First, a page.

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Coronavirus: ‘Game Of Thrones’ visual effects company says support needed to avoid "catastrophe"

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The TV and film post-production industry is at risk of collapse due to a lack of business during the ongoing coronavirus pandemic.

That’s according to the head of a leading visual effects (VFX) company Pixomondo, which has worked on titles including Game Of Thrones and Hugo. CEO Jonny Slow said government schemes have helped to “avoid financial catastrophe to date” but he’s worried about the future.

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Slow told Deadline: “VFX companies have lots of fixed costs in the form of employees, offices, and tech. That relies on a steady stream of new business to keep it going. Post-production is a bit like an airline, if you haven’t got any passengers, you burn through your cash very quickly – most companies will struggle to stay solvent for more than a couple of months.”

He added said that post-production houses experienced less of a cliff edge jump at the beginning of the pandemic owing to ongoing projects and a successful adaptation to home working. But with production effectively ground to a halt over the past few months the shutdown is now catching up with companies.

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As Deadline reports further, last week France-based VFX giant Technicolor SA filed for Chapter 15 in U.S. bankruptcy court as the company attempted to steady the ship and restructure some of its $1.58 billion (£1.26 billion) debt.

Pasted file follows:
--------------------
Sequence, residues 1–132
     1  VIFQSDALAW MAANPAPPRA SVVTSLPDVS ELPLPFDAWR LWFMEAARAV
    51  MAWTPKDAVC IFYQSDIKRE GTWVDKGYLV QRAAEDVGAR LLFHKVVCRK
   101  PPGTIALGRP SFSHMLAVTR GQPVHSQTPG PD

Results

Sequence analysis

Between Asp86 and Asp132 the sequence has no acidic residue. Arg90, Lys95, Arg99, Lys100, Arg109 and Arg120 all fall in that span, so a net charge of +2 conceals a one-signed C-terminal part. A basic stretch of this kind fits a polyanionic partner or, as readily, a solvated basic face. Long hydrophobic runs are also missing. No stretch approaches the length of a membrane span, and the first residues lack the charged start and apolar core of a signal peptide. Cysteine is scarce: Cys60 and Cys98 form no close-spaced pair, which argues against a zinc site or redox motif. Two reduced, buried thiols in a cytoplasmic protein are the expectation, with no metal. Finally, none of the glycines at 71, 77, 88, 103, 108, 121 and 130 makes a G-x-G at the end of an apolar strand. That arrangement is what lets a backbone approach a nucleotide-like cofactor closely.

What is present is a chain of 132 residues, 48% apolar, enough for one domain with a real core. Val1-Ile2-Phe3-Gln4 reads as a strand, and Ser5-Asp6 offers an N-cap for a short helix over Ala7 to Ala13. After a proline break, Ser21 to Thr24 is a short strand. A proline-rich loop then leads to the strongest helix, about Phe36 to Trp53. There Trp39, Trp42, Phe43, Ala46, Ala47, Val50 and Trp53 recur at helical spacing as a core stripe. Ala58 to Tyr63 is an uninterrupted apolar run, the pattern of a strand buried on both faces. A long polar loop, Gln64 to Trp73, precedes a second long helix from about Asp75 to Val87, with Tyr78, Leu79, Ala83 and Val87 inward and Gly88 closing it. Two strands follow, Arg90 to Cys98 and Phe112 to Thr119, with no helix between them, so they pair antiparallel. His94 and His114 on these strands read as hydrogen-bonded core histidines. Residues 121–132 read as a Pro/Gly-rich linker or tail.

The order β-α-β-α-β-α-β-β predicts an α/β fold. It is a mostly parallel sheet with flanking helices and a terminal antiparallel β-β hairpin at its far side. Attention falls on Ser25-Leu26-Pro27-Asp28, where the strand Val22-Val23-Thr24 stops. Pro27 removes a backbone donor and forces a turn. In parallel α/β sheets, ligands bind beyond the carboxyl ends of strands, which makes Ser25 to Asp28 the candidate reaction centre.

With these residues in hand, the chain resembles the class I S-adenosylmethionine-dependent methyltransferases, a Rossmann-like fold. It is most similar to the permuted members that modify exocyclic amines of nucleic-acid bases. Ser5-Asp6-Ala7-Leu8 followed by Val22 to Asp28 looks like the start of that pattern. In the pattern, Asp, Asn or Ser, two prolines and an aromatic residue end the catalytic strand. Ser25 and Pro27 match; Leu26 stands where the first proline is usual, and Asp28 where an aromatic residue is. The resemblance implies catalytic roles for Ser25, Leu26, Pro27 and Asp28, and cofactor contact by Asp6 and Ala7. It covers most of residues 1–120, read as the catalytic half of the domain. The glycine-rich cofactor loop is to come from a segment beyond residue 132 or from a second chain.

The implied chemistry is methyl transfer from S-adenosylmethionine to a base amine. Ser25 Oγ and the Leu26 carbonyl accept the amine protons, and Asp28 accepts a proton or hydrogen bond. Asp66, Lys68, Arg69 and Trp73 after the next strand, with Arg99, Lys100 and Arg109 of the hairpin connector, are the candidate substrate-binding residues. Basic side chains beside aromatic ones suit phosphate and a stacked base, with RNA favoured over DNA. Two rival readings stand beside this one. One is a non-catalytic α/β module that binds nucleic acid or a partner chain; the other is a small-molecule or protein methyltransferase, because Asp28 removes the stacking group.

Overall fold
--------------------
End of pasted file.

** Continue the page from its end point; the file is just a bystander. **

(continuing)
The company had long faced financial difficulties, however it released a statement alongside the bankruptcy filing acknowledging it had been “severely impacted by the COVID-19 global pandemic”.

Game of Thrones
‘Game of Thrones’ Season 8. CREDIT: HBO

Slow added that his company, which made the graphics for the dragons in GOT, is much smaller with upwards of 600 employees and “should be well placed” to survive the crisis. However, he revealed he’s had to “have a conversation” with one third of his workforce to date; that has included introducing reduced hours, unpaid leave and in some cases redundancies. “We’ve tried to keep one foot in the door for people,” he said.

The CEO also noted that larger companies may be more at risk, such DNEG. “They have 6,000 employees and $300M debt. When revenues stops – and it must because nothing is being shot – they have to find quite a lot of money to keep the lights on.” There is no suggestion that DNEG is in difficulty.

The hope is that, in the case of shooting actors in physical spots remaining precarious, that Virtual Production (VP) can be better harnessed for post-production companies. VP is filming within an environment generated by a digital engine, often using gaming technology, and was used for the making of shows including The Mandalorian.

“Long term I am pretty positive on the outlook for VFX,” Slow said. “If travelling is harder, and if it’s harder to do crowd scenes, and if producers can only get insurance for working inside studios, there are opportunities for VFX companies”.

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